The New York City Department of Environmental Protection has delayed a ten-week shutdown of the Catskill Aqueduct until next year. The shutdown was planned to carry out needed cleaning and rehabilitation.
The shutdown was scheduled for next month, said DEP spokesman Adam Bosch, but was pushed back until October, 2018.
Bosch described the project as “tricky” to design. “We are cleaning about 59 miles of the aqueduct, and we are also replacing valves inside the aqueduct that are more than 100 years old,” Bosch wrote in an email last week.
“The design of that work was delayed a bit, and we could not get it all finished in time for a full shutdown in 2017. We expect to have ten-week shutdowns in 2018, 2019 and 2020.”
However, the aqueduct will shut down for about a week for regular inspections sometime this fall, said Bosch. “This is not out of the ordinary,” he wrote. “It is fairly typical for DEP to shut down the Catskill Aqueduct for a week or two in the fall. Before we do this, we always reach out to the 74 communities that are connected to our system to ensure their backup supplies are at the ready.”
The Catskill Aqueduct draws on water from the Ashokan and Schoharie reservoirs, and serves as the one of the primary drinking water sources for New York City. The aqueduct also provides drinking water for upstate communities including New Windsor and the City of Newburgh.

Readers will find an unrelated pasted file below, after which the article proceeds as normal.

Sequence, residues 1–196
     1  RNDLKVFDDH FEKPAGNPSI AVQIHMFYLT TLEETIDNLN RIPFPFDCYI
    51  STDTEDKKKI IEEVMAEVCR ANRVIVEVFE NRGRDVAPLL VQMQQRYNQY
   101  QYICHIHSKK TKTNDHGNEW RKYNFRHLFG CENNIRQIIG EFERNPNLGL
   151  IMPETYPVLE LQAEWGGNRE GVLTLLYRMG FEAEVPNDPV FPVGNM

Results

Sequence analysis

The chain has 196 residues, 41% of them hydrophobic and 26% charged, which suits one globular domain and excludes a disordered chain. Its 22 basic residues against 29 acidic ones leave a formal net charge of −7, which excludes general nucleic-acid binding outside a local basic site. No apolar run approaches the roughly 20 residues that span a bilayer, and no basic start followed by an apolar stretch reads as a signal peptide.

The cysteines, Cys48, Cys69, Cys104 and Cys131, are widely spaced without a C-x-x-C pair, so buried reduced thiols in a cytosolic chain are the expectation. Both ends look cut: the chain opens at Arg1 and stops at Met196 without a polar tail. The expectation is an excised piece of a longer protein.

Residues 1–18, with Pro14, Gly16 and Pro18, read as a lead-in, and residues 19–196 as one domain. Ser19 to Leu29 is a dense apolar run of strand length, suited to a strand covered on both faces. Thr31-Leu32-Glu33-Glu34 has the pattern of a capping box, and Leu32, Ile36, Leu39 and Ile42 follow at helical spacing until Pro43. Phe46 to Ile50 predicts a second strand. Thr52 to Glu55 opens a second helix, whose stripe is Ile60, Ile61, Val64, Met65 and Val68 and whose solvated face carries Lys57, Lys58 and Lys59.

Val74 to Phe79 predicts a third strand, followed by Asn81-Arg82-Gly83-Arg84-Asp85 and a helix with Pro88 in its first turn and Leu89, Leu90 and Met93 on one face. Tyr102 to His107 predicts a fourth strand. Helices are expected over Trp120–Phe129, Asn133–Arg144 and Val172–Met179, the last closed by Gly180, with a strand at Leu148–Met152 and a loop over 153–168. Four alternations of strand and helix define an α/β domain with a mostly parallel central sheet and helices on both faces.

The city had been forced to switch to using Catskill Aqueduct water when PFOS contamination was discovered at Washington Lake last spring. The city had planned to switch back to Washington Lake next month. Massive upgrades at the city’s water treatment plant – including the installation of a filtration system to remove PFOS – were on track to be completed in time for the shutdown, said city Water Superintendent Wayne Vradenburgh.
The majority of residents in the Town of New Windsor currently rely on Catskill Aqueduct water, said town Chief Water Plant Operator John Egitto. However, the town may no longer require Catskill Aqueduct water when the 10-week shutdown takes place next year.
“The town has awarded a bid to a contractor to construct a water filtration plant for the Butter Hill Wells,” Egitto explained. “Construction is about to commence. It is anticipated that project will be completed before October next year. That will eliminate any need to use another water supply other than the new system.”
An aquifer in the town’s Butter Hill area, next to the Moodna Creek, is expected to produce a total of three wells. Each is expected to yield at least 1,000 gallons per minute of raw water when finished.
By SHANTAL RILEY